How To Become A Super Saver In 2016

HAPPY NEW YEAR!  No doubt you’re seeking areas of your life to improve during 2016.  Am I right, or am I right?  🙂  The first post of 2016 here at Mad Money Monster is going to explain how some people have become Super Savers.  Super Saver is a term that describes someone who is fanatical about saving the money they earn.  In preparing for this post, I was scouring the web to determine the exact savings rate it takes to be considered a Super Saver.  I was unable to find an exact percentage; but, it’s pretty clear that some of these so-called Super Savers are stockpiling 50%, 60%, 70%+ of their TAKE-HOME pay.  Yes, you read that right.  They’re saving upwards of 70% of their pay AFTER taxes and AFTER retirement contributions!  I know it sounds extreme, but so does retiring decades before the traditional model tells us we can.  If you’re looking to shake things up in the new year, read on…

What Sets Super Savers Apart From The Pack

super saver 1The difference between Super Savers and regular savers is their goal-oriented modus operandi.  The most common goal is early retirement.  And by early retirement I mean retirement in their 30s, 40s, or 50s.  According to these folks, anyone with an average to above-average income can save enough money to retire in about a decade (see Mr. Money Mustache).  Super Savers work to increase income AND cut expenses.

Super Savers don’t just cut out lattes and fast food.  They examine the big expenses.  They examine their choice of housing and cars.  They also follow through on making some drastic changes to reach their financial goals.

They are on a mission to widen the gap between their earned income and their expenses.  The gap is what they save.  The wider the gap, the faster their money grows, and the earlier they gain financial freedom.  And guess what.  YOU can do it too!  Read on to learn how Super Savers operate in certain areas of life.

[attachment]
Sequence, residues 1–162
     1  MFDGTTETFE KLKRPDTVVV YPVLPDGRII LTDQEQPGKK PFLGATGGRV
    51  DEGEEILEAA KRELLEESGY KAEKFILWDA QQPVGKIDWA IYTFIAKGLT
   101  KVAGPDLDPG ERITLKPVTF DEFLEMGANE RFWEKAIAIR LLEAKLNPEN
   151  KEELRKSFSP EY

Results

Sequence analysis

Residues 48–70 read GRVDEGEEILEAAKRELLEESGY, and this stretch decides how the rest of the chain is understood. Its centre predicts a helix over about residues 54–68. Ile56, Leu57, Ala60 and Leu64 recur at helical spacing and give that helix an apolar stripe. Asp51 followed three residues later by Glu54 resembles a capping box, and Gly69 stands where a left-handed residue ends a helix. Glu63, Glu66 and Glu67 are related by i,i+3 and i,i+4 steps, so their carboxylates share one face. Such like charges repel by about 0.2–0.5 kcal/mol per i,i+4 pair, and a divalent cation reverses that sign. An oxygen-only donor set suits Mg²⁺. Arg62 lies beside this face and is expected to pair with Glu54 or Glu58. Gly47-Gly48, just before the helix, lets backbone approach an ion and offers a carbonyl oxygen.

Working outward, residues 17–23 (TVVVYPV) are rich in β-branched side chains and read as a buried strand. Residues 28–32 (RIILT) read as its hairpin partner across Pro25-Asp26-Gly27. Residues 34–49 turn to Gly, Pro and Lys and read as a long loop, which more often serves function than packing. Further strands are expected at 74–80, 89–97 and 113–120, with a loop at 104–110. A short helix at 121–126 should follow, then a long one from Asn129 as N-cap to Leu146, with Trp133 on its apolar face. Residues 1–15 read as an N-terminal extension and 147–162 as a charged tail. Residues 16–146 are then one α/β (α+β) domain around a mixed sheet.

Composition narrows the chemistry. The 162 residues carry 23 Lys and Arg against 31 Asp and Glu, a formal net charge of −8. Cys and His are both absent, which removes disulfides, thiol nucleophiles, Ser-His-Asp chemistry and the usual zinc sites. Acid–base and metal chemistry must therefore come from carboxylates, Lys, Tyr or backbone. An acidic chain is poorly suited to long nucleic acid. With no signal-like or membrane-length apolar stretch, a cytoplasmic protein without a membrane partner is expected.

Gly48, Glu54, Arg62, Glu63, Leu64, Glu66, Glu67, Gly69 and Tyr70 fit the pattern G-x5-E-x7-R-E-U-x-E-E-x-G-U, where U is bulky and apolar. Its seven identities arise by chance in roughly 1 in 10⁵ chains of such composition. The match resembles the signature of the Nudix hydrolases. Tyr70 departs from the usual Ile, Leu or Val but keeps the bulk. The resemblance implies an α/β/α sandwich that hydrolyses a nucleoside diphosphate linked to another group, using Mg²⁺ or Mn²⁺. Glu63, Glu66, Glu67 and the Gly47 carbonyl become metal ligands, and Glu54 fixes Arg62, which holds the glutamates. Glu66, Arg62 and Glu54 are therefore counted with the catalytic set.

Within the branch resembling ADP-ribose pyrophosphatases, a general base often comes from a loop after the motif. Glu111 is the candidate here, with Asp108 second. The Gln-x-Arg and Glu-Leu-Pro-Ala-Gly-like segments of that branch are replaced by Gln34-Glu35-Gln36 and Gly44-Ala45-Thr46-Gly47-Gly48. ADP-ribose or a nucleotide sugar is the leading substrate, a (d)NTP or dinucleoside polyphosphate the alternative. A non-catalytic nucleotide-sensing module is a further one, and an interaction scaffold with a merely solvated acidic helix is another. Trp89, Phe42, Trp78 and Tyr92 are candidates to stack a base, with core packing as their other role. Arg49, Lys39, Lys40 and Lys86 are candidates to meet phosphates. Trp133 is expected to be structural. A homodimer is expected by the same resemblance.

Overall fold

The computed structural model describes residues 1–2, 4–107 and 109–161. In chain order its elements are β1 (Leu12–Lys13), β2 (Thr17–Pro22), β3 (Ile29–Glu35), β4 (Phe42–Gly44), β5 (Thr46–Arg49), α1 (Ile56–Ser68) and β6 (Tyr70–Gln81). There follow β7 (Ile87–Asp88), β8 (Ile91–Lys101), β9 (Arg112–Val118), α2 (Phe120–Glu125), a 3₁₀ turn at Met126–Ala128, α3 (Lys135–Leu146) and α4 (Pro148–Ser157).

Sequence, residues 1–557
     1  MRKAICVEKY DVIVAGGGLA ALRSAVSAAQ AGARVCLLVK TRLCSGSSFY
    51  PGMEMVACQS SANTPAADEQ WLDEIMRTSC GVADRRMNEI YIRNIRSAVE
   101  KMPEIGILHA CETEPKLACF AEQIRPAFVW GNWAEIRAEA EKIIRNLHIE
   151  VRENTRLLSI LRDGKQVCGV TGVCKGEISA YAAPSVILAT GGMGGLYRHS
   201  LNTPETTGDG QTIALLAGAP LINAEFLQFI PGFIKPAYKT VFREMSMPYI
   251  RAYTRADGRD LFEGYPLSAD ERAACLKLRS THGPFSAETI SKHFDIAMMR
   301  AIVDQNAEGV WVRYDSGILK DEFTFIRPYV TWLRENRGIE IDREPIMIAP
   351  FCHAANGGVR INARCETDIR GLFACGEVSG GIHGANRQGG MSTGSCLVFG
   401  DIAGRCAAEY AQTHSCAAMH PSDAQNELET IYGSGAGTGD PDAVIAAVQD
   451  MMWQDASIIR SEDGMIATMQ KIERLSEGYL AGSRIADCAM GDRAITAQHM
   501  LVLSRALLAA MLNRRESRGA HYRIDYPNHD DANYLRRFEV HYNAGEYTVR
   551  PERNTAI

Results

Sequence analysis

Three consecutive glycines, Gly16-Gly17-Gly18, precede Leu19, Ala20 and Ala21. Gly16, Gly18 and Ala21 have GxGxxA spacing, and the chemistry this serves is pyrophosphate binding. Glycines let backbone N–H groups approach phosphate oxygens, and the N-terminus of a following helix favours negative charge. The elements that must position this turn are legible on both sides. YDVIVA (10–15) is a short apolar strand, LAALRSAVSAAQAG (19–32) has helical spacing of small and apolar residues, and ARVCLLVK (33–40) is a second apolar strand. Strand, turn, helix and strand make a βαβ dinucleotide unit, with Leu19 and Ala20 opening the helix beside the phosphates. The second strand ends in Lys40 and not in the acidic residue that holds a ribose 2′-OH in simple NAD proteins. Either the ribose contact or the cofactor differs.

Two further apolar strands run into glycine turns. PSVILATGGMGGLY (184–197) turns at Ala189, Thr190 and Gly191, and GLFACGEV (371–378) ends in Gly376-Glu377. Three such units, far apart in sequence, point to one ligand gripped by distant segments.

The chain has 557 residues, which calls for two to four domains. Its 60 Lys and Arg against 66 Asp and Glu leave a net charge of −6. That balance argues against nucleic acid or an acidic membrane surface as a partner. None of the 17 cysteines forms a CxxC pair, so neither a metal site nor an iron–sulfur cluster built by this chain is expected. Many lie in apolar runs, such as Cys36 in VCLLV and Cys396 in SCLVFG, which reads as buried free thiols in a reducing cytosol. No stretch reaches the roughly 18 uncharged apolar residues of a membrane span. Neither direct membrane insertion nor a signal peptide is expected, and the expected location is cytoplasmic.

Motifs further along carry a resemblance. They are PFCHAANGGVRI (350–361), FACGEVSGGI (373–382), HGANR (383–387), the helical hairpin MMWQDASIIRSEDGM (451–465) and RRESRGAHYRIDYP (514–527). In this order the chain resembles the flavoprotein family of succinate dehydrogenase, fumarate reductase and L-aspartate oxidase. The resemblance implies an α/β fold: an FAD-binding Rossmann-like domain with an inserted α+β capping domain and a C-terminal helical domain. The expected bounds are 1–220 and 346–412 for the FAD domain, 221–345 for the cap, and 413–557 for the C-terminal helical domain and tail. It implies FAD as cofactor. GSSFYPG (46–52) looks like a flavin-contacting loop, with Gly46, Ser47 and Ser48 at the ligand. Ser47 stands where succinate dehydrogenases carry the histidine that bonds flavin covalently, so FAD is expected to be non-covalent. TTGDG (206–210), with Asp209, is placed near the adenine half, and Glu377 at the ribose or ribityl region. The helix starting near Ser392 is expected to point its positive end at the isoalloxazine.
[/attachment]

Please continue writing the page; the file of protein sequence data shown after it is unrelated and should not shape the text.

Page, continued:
Debt

Debt?  What’s that?  Enough said.  Super Savers do not live with debt.  It is completely counterproductive.  Super Savers do everything possible to not take on any debt.  And if it is unavoidable (think college), they make paying off debt their biggest priority.  That goes for student loans, car loans, and especially credit cards.  If you’re in debt, get out of it.  Fast.

Where Do Super Savers Live?

Super Savers live everywhere.  You could have a Super Saver neighbor and not even know it.  In fact, you probably wouldn’t know it unless they told you.  They look and act like everyone else; this is what makes them so dangerous.  Just kidding 🙂  Super Savers live in houses and apartments alike.  They are extremely intentional about keeping their living expenses low and saving the difference.  A Super Saver will live in a much smaller home with much smaller taxes and utility bills than their co-worker with the same salary.  They don’t define themselves by their “stuff“.  They define themselves by the quality of their life and the company they keep.

A Super Saver, or someone becoming a Super Saver, will examine their living quarters.  If they deem their pad is holding them back from reaching their financial goals, they’ll move.  They will actually take a stand against American consumerism.  And so can you!  Don’t worry, after doing it a couple times it’ll start to feel good!

What Do Super Savers Drive?

hummer-h2_

NEVER

Don’t expect a Super Saver to be driving a gas-guzzling H2 around town.  You’re much more likely to see a Super Saver driving a pre-owned, fuel-efficient Hyundai than a flashy BMW.  Many Super Saver households have gone extreme and cut their vehicle arsenal down to one pre-owned car.  That’s right, some families live with only one vehicle in their driveway.  Just like grandma and grandpa used to!

In fact, some Super Savers keep driving to an absolute minimum.  They use a bicycle instead.  They bike to work.  They bike to the grocery store.  They bike to…well…you get the idea.

Housing and cars are just two major categories that Super Savers will examine and adjust, as needed.  They also examine EVERY OTHER AREA of spending money.  Their goal is to save and invest as much as possible.  This will free them from having to devote 40+ hours of their life each week to working for someone else.  Instead, they will have the freedom to spend that time pursuing other interests and spending it with their friends and family.  The short-term sacrifices, in their eyes, are worth it.

2016 In The Mad Money Monster Household

It’s no surprise that Mr. Mad Money Monster and I are Super Savers.  We are set to have a savings rate right around 60% this year, NOT including our maxed out retirement contributions.  Last year we made a conscious shift in our way of life.  We ditched consumerism to live a better life.  We decided against buying the big, expensive house, we maxed out our retirement contributions, we worked feverishly to pay off residual debt, and even cut the cord!  We’re looking forward to seeing the progress we make towards our Countdown Goal in 2016!  Go Team!

Do you plan on becoming a Super Saver in 2016?  Are you already a Super Saver?  Tell us your story.

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Mad Money Cat NOT loving his photo opp

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Lisa is the creator and resident writer at Mad Money Monster. She's a mother, scientist, and financial guru on a mission to save Generation X from working until they die!